Golden Ring

While Moscow boasts an unrivalled selection of sights and sounds, there is much to see beyond the city too. Russia’s Golden Ring provides a fascinating insight into the history and culture of the country. The name derives from the dazzling golden onion-shaped church domes that have come to symbolize the region.

This popular tourist route is made up primarily of the ancient towns of Sergiyev Posad, Pereslavl-Zalesskiy, Rostov Velikiy, Yaroslavl, Kostroma, Ivanovo, Suzdal and Vladimir, although there are many others that are well worth a visit if you happen to be in the region and have the time to do so. Sadly, through a combination of neglect and deliberate destruction many great sights have been lost, although work is on-going to recover and restore some of these to their former glory. Others remain in perfect condition, with certain sites being protected by UNESCO and the government. The Golden Ring is a subject of great national pride for Russia as an example of their rich historical and cultural heritage.

The Golden Ring is famous for its beautiful handicrafts, such as woodcarving and scrimshaw, the work of lace masters and jewelers, lacquer miniatures and enamel painting. The area boasts a multitude of imposing Kremlins, peaceful monasteries, glorious cathedrals and ornate churches.  It also exhibits many interesting and unique architectural monuments of the 12th – 19th centuries and traces the history of Russian art from the earliest archeological remains and medieval masterpieces to magnificent works of classicism and the avant-garde art of the 20th century. The towns are often described as ‘open air museums’ due to these historical riches.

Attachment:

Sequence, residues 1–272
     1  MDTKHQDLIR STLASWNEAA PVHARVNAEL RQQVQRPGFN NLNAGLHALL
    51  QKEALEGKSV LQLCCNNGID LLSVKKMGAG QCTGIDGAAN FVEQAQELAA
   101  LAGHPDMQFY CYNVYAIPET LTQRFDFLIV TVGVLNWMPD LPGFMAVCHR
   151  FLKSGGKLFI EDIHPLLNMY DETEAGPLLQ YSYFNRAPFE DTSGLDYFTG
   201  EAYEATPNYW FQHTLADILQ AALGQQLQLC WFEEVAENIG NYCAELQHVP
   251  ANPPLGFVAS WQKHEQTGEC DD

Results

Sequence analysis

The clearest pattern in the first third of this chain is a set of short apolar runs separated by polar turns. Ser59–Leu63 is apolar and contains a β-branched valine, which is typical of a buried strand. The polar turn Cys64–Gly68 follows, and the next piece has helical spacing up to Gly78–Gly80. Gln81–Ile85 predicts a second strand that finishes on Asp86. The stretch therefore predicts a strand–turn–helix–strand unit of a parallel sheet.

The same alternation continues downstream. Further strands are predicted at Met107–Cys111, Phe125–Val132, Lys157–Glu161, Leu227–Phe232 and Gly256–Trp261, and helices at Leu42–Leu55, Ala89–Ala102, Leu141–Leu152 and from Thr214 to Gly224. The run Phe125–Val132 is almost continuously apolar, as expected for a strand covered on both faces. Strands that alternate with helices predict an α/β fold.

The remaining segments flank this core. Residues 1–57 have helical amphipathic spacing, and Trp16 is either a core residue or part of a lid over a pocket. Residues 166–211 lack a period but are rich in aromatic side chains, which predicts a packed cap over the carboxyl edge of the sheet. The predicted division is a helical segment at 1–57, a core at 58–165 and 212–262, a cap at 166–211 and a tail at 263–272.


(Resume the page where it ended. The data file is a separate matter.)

Believers from all over the world make the pilgrimage to these ancient towns, which have played a significant role in the formation of the Russian Orthodox Church and  have preserved the memory of some of the most significant and decisive events in Russian history. The churches of the Golden Ring are among the most picturesque in Russia; from simple, rustic wooden churches to magnificent white stone temples crowned in gold. 

Rostov Velikiy (Rostov the Great) is the most visited of the Golden Ring towns, being located at the center of the tourist trail. The town is renowned for the Rostov Bells and musical works from the 17th – 19th centuries, as well as its famous bell-tower. Each bell, the biggest weighing in at 32 tons, has its own unique sound.

Sergiyev Posad is undoubtedly the religious heart of the Russian Orthodox Church. It is famous for the Trinity Lavraof St. Sergius, which consists of 50 buildings. The Trinity Cathedral is one of the earliest white stone constructions and one of the enduring monuments of 13th – 15th century Muscovite architecture. A number of the Lavra icons are the work of renowned Russian painters Andrey Rublev and Daniil Cherny. 

When arriving at the train station in Vladimir you would be forgiven in thinking that you had arrived at yet another industrial provincial city. But from the moment you leave the station and climb the steep hill to the old town you are greeted by stunning white stone temples and the magnificent ‘Golden Gate’ that marks the old route in and out of the city. Part of the Vladimir-Suzdal museum-preserve, Vladimir encompasses several cathedrals and churches, the "Old Vladimir" museum and the regional history museum, which is one of the oldest in Russia.